FORECAST: This is also expected to impact the African Union Mission in Somalia’s (AMISOM) plans for withdrawal from the country. Peacekeepers have already begun to draw down, with plans to fully exit by 2020, though their departure is contingent on conditions that include improvements in Somalia’s security situation and political development, as well as the SNA’s ability to replace AMISOM. This further highlights the UAE’s multifaceted role in Somalia, as it contributes to building the SNA’s capacity, which has an effect on the broad security of the country and the army’s ability to step in for the peacekeepers, as well as their interference in Somali politics and institution-building. Given this role, should the standoff between Somalia and the UAE continue, this will complicate AMISOM’s plans. While this is positive in the short-term given AMISOM’s capabilities in comparison to the SNA, international donors have already grown impatient with continually funding the peacekeeping operation and this may force the end of the mission before Somalia is prepared to take over.

Internal Political Implications

In addition to Mogadishu and Somaliland, the UAE is also heavily involved in the semi-autonomous region of Puntland. There they signed a deal in April 2017 to develop and run the Port of Bosaso, alongside an agreement to create, fund, and train Puntland’s Maritime Police Force (PMPF). These financial and military benefits prompted Puntland’s president to publicly deviate from Mogadishu’s position and travel to Abu Dhabi in efforts to secure their continued support. His willingness to directly engage with a foreign government in defiance of the constitution that imbues only Mogadishu with the power to conduct foreign policy is another reflection of the limitations of Somali federalism and unification.

FORECAST: Moreover, Mogadishu has little leverage over Puntland and would likely not be able to persuade the region to bend to their position. As a result, Puntland is likely to continue pursue its independent policies while Mogadishu softens its rhetoric in order to reduce the internal rifts.

That the UAE would negotiate individually with Mogadishu, Puntland, and Somaliland is consistent with the longstanding conceptualization of Somalia into the three regions. However, regional states in Somalia are likewise divided, and Jubaland, Galmudug, Hirshabelle, and Southwest states have all formed their own positions regarding the Gulf crisis and to which side they believe Somalia must be aligned. Much of this is derived from the funding Somali politicians receive from Saudi Arabia, the UAE, Qatar, and Turkey. While this has largely remained in the political sphere, one example of this manifesting in violence was the confrontation at the Somali parliament in April. This was, in part, driven by the parliament speaker’s opposition to the president and prime minister’s response to the Somaliland port deal, which he claimed was a result of their allegiances to Qatar.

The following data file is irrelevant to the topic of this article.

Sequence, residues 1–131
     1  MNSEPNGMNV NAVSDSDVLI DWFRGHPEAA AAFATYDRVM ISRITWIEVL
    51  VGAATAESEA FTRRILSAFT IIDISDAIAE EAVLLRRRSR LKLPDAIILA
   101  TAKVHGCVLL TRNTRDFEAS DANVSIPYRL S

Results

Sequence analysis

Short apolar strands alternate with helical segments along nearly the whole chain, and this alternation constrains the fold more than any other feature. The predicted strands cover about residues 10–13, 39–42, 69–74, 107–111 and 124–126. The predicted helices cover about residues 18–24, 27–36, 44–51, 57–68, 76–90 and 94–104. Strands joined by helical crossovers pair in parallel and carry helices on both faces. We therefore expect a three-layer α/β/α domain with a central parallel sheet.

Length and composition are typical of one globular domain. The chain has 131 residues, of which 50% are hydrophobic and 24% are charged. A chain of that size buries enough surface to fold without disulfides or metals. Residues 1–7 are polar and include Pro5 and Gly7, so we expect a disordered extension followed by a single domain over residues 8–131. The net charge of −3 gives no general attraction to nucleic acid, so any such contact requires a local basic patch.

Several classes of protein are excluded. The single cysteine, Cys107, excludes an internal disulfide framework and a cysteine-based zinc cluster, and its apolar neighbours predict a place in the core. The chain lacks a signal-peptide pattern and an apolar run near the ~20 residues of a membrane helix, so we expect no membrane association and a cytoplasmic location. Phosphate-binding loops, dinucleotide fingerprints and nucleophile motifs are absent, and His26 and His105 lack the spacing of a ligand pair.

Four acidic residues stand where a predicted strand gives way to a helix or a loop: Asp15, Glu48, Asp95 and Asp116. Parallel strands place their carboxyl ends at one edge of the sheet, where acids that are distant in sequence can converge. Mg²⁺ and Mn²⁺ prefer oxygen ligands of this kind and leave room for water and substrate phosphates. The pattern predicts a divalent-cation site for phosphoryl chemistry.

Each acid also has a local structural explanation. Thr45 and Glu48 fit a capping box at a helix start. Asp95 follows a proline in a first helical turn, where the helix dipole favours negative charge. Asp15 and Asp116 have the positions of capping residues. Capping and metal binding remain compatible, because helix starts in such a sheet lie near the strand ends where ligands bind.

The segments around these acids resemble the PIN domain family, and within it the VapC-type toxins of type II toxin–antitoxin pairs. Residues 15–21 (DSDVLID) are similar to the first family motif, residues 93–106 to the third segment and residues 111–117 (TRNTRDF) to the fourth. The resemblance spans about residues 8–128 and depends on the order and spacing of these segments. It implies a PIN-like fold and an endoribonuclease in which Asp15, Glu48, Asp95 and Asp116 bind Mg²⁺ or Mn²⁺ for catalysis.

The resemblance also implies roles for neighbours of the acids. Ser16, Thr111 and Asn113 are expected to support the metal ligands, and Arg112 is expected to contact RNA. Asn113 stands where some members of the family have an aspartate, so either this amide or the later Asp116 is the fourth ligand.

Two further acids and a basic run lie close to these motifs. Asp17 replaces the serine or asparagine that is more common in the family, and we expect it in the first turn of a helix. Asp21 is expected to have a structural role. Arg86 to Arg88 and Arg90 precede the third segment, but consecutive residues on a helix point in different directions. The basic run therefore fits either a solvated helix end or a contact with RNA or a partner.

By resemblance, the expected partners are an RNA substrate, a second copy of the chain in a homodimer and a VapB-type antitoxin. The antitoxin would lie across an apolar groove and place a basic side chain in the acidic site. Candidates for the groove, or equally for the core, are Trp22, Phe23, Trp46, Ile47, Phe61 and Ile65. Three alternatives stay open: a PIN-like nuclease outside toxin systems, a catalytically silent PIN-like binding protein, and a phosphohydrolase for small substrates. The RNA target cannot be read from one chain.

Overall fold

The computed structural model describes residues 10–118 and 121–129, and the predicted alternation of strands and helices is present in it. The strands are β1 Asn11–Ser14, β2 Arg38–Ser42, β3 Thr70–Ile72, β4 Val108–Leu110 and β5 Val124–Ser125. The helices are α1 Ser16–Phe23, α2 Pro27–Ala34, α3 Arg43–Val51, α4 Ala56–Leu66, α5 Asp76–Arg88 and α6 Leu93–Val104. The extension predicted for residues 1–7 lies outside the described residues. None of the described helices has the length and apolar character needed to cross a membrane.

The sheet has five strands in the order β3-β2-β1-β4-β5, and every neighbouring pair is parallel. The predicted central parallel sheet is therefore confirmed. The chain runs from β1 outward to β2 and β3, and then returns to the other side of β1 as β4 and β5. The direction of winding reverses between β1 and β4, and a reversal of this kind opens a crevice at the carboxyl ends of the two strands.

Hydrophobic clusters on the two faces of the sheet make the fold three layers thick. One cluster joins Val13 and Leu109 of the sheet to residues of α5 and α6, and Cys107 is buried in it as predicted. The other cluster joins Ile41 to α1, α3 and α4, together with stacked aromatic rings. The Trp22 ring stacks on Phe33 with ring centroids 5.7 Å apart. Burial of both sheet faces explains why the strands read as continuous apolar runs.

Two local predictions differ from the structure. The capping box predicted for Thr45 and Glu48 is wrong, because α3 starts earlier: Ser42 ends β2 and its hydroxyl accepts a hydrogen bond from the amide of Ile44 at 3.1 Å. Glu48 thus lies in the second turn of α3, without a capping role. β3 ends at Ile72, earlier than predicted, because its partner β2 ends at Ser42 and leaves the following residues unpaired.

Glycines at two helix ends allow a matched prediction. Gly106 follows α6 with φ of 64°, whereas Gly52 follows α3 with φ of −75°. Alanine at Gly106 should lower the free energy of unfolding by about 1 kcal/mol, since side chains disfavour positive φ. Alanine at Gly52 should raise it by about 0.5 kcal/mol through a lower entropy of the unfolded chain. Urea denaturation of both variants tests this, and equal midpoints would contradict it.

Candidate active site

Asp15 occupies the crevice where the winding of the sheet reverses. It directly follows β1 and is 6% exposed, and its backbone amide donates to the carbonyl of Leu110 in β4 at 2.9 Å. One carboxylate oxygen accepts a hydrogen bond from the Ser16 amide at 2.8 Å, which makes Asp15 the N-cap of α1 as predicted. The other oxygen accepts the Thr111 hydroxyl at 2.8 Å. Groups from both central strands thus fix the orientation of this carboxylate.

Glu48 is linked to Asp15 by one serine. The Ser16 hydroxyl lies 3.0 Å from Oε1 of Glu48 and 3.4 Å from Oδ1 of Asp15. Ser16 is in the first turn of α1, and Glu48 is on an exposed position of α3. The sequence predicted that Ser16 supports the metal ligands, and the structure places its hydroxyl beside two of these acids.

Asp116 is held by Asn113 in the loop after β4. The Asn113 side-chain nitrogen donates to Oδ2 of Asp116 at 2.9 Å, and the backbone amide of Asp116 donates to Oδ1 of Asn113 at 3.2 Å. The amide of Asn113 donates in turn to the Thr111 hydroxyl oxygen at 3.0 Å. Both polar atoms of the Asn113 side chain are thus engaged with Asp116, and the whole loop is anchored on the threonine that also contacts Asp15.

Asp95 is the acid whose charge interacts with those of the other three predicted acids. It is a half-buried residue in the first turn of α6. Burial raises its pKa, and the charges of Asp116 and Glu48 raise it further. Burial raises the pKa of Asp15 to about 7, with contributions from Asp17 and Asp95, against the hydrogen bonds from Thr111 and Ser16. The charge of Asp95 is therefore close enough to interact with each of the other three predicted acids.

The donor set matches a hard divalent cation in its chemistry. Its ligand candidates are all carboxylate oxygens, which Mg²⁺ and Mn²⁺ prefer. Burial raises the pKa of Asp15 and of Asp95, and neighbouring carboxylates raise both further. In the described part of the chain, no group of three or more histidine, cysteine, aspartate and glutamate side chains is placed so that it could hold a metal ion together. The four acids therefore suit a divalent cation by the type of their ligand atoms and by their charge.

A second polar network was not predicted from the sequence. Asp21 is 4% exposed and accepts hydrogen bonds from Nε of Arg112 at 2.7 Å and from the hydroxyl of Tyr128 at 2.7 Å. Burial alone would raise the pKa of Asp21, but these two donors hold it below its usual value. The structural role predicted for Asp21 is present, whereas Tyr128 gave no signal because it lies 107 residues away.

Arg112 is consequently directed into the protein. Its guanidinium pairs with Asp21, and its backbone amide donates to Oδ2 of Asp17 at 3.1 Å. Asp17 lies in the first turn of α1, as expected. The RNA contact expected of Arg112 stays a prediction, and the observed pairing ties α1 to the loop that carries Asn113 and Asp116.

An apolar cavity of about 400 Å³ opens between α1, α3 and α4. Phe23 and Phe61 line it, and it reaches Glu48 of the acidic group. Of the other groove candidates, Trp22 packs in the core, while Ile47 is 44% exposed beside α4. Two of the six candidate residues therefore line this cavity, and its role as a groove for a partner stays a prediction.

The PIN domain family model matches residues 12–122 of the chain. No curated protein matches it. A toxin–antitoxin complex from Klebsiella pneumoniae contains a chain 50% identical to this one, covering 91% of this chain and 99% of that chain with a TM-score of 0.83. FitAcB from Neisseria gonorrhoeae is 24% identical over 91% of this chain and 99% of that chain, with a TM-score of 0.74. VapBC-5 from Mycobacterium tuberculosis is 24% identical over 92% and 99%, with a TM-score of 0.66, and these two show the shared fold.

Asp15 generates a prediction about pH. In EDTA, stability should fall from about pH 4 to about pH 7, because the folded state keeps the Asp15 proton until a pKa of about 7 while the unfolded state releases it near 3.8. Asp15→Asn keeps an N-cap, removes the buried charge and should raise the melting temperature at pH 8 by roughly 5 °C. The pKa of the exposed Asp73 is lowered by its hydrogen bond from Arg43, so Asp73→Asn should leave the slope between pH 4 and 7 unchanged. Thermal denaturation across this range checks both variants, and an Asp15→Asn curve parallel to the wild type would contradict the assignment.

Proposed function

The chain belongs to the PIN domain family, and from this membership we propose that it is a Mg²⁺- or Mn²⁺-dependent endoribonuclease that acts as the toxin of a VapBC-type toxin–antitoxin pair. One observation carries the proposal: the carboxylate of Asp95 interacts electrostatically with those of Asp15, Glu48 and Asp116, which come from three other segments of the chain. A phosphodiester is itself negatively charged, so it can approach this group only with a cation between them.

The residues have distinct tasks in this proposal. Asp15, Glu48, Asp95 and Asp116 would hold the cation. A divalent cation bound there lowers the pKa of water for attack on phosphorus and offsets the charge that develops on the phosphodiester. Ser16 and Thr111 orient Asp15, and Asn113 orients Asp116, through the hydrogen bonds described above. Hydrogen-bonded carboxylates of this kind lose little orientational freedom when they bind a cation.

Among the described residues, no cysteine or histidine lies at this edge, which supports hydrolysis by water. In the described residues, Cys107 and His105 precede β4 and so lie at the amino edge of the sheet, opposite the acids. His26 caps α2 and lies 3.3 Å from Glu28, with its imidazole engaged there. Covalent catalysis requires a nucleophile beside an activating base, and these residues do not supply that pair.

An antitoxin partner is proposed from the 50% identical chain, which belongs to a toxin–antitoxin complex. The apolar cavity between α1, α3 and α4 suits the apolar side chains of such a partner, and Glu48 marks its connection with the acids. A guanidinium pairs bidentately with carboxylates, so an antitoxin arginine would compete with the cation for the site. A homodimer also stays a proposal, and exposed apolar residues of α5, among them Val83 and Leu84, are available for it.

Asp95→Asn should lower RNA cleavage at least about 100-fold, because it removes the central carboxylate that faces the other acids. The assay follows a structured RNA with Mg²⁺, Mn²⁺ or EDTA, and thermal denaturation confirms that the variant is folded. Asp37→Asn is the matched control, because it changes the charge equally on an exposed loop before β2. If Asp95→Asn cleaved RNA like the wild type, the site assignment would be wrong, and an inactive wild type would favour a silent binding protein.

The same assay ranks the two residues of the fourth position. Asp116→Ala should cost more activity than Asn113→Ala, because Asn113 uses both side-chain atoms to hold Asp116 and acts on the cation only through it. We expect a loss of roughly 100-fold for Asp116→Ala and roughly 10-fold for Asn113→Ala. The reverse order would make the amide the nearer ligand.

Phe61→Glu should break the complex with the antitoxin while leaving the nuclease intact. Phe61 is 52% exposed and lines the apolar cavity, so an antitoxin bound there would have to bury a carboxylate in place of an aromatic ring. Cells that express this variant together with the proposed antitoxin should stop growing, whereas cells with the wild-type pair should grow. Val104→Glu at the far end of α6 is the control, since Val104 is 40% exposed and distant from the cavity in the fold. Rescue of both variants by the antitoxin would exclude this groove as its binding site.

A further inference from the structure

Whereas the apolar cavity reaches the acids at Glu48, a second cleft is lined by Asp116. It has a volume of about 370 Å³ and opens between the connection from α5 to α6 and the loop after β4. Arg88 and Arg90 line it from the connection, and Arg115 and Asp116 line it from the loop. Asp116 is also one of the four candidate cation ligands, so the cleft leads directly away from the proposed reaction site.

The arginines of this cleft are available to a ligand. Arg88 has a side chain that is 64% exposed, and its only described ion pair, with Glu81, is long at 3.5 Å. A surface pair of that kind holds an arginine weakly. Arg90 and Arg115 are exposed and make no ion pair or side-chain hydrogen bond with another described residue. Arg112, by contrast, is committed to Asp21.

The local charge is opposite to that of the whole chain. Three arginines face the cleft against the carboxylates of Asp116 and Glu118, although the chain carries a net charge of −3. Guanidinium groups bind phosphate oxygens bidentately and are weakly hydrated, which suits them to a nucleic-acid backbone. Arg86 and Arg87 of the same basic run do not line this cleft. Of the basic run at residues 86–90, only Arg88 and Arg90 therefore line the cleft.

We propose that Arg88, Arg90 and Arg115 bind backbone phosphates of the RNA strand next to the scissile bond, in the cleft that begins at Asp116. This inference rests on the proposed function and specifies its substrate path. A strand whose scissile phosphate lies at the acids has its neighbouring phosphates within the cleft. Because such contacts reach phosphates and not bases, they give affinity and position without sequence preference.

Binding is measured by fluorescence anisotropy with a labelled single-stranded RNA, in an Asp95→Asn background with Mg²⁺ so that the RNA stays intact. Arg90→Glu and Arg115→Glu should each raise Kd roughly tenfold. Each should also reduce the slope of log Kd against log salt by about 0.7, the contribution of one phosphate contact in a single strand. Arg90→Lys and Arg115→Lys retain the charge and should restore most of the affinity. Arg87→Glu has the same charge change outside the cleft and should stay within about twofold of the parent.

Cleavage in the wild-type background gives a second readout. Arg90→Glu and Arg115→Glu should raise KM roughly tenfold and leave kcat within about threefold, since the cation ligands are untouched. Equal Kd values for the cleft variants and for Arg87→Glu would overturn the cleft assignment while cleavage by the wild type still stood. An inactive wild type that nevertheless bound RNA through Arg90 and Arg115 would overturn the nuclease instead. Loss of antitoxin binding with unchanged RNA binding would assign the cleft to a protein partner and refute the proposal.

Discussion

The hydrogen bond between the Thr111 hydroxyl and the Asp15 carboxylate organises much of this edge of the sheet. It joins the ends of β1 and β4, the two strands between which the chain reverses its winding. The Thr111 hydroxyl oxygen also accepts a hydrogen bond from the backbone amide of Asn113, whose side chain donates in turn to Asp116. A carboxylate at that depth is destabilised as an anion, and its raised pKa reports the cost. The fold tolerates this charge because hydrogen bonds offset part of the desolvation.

FORECAST: Given that both sides of the Gulf crisis continue to fund Somali political figures and commercial interests, this is expected to remain a source of tension for the foreseeable future. While this may result in further violence between security forces backed by different factions, its effects will largely be political. However, this effect could seriously hinder the development of Somalia’s permanent constitution, the advancement of negotiations between the federal states and the central government, and the political progress necessary to make Somalia a viable state.

Risk of increased political, security instability as tensions escalate between Mogadishu, UAE over Somaliland port deal - Somalia Analysis | MAX Security

Effects on Foreign Policy

Given the impact on security and Somalia’s internal regional dynamics, it is likely that Mogadishu will pursue negotiations with the UAE to resolve their differences and restore relations. However, Qatar and Turkey likely view this as an opportunity to increase their involvement in the Horn of Africa and undermine their rivals. Qatar and Turkey have likewise sought to gain a foothold in the country in the past several years, with Turkey being one of the country’s largest donors and investors and Qatar securing its influence by funding Somali politicians, including President Farmajo. This underlines the position that Somalia is in due to its weak governance and reliance on foreign aid, vulnerable to the aims and goals of the international community, whether that is Western development and military intervention or competition between the Gulf rivals over their expanding influence in the region.

With the UAE remaining interested in Somalia despite recent events and Turkey and Qatar expected to increase their presence, it will be difficult for Mogadishu to maintain its officially neutral stance on the Gulf crisis.

FORECAST: Given Somalia’s dependence on these countries to fund and operate not only military training but critical infrastructure and services, including airports, seaports, and hospitals, they will likely continue to maintain this balancing act. However, the federal government will likely face growing diplomatic and economic pressure to choose a side, though it will also have to contend with internal pressure by its constituent states who will disagree. In this regard, even if Mogadishu continues to lean toward Qatar, the nature of Somalia’s weak federalism will mean that different regions and states will continue to maintain their own foreign policies and relations with either side of the Gulf rivalry.

This article was first published by Max